De Christi Anima: the knowledge and suffering of Christ’s soul in Robert Bellarmine and Francis Turretin

Johnston, Matthew Brooks (2023) De Christi Anima: the knowledge and suffering of Christ’s soul in Robert Bellarmine and Francis Turretin. MTh(R) thesis, University of Glasgow.

Full text available as:
[thumbnail of 2023JohnstonMTh(R).pdf] PDF
Download (1MB)


The incarnation of the Word is the central Christian mystery—a mystery that cannot be properly understood without a grasp of the nature of Christ’s human soul. A soulless Christ is unable to save those who are embodied souls. However, how is the human soul of the Son of God different from that of any other man? How does it learn? Can it really suffer? These questions about the psychology of the God-man were foundational to the development of Christology in the Ancient church. They later resurfaced in the early modern period as Reformed theologians like John Calvin spoke of Christ’s ignorance and inner torment in a way that Roman Catholics deemed heretical. Although often overlooked, the doctrine of the Christ’s soul is an important exemplar of the methodological and systemic differences between Roman Catholic Theology and Reformed Theology.

This thesis expounds and offers a comparative analysis of the doctrine of the knowledge and suffering of Christ’s soul in Bellarmine and Turretin. Chapter one outlines their individual importance and the legitimacy of points of contact between their work. Chapter two is a biographical introduction and shows that both Bellarmine and Turretin were eager to further entrench their theological systems in contrast to those of their opponents. Chapter three deals with the knowledge of Christ’s soul. It demonstrates that Bellarmine, emphasizing Christ’s infused knowledge, taught that he already knew everything he learned and that Turretin, emphasizing Christ’s acquired knowledge, taught that he actually learned things of which he was previously ignorant. Chapter four treats the suffering of Christ’s soul. Bellarmine rejects Calvin’s doctrine of the descensus as attributing desperation to Christ’s soul and follows Aquinas in segregating his suffering to the lower part of his soul. Turretin makes use of a different scholastic distinction (the affectio commodi and the affectio iustitiae) to protect Christ from disordered passions so that he can emphasize the reality of what Christ felt in the entirety of his soul, most importantly a sense of divine wrath. Finally, chapter five shows some of the ways that the discrepancies in the doctrine of Christ’s soul in Bellarmine and Turretin are the product of more foundational differences in their Christology as well as their soteriology and ecclesiology. Might the doctrine of Christ’s soul be considered a secondary material cause of the Reformation?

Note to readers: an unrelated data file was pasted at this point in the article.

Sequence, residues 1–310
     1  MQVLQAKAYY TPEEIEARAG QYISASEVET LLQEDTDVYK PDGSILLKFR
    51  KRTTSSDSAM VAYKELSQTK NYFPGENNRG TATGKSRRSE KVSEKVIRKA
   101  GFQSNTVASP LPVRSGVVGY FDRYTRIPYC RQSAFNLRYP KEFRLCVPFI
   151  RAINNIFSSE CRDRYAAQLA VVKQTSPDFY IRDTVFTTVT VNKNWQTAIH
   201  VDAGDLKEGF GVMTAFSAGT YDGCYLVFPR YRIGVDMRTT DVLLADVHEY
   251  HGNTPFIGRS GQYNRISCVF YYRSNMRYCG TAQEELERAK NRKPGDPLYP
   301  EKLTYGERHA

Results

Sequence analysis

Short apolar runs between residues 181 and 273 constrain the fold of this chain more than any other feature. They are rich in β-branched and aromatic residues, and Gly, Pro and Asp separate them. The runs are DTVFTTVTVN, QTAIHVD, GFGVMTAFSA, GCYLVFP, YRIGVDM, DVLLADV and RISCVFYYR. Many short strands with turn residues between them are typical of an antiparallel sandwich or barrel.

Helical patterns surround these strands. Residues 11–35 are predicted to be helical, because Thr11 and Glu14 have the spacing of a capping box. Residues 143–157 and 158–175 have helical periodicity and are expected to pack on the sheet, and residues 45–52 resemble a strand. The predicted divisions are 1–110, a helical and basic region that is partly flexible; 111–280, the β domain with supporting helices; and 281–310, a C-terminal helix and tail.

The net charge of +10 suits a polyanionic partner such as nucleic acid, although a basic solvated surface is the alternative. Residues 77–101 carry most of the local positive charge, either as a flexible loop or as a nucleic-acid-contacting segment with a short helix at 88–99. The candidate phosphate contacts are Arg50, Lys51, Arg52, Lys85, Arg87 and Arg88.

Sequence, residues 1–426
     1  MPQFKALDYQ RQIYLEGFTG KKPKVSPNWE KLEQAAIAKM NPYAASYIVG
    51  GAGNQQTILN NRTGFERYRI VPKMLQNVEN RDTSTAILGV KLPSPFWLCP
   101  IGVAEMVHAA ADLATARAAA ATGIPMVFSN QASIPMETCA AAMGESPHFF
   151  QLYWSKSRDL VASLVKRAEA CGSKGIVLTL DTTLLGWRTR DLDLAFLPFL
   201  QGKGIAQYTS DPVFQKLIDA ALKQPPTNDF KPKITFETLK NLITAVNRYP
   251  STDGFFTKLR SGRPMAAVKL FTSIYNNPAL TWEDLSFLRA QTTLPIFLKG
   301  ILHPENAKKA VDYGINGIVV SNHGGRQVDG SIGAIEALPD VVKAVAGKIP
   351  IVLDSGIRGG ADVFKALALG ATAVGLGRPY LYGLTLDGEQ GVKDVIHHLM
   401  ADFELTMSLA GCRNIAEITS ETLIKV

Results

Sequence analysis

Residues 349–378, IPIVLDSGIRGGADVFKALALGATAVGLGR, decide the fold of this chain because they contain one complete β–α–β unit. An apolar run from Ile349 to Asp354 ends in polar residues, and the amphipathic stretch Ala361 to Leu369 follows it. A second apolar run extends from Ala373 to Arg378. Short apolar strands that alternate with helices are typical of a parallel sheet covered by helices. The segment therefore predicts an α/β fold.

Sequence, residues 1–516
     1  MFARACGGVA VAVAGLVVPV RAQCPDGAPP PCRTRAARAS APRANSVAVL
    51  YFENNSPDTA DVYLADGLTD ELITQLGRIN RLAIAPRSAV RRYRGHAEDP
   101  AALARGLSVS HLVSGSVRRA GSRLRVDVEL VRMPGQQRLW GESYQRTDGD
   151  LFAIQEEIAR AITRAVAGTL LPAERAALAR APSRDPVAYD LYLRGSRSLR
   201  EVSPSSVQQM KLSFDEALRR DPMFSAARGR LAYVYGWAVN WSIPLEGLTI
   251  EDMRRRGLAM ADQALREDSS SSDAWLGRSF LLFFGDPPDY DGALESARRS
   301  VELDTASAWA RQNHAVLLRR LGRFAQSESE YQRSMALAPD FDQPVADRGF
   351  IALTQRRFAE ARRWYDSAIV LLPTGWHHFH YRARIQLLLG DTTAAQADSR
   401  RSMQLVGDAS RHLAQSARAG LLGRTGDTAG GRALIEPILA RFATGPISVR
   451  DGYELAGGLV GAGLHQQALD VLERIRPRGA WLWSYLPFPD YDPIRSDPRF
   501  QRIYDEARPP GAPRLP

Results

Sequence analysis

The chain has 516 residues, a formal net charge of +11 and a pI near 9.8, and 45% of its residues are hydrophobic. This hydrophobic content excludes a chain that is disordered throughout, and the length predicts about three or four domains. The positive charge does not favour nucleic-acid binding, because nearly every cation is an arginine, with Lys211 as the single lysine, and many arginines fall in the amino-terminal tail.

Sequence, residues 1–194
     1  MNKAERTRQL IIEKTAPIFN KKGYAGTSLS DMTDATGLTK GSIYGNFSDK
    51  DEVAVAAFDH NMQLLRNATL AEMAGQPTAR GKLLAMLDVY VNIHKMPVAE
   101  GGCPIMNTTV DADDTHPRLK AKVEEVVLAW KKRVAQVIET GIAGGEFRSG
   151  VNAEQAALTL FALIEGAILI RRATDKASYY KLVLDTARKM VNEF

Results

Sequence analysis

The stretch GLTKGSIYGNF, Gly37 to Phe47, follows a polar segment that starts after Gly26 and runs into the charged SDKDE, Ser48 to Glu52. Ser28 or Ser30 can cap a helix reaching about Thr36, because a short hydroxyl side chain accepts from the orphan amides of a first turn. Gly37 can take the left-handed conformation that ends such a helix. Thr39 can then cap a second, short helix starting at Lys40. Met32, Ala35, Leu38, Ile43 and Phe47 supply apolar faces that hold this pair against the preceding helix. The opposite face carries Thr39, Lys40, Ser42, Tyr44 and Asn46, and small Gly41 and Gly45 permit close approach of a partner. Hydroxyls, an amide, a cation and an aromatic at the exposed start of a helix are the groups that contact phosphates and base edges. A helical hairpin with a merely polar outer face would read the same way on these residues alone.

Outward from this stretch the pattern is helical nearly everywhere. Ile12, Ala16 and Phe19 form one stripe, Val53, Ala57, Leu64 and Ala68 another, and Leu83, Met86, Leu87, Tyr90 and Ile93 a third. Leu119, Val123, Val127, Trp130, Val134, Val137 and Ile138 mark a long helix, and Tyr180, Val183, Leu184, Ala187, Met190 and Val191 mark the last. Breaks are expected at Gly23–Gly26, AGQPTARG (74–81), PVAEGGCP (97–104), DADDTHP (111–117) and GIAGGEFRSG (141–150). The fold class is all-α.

Item Type: Thesis (MTh(R))
Qualification Level: Masters
Subjects: B Philosophy. Psychology. Religion > BR Christianity
Colleges/Schools: College of Arts & Humanities > School of Critical Studies > Theology and Religious Studies
Supervisor's Name: Spurlock, Professor Scott and Elliott, Mark
Date of Award: 2023
Depositing User: Theses Team
Unique ID: glathesis:2023-83733
Copyright: Copyright of this thesis is held by the author.
Date Deposited: 24 Jul 2023 08:36
Last Modified: 03 Aug 2023 09:27
Thesis DOI: 10.5525/gla.thesis.83733

Actions (login required)

View Item View Item


Downloads per month over past year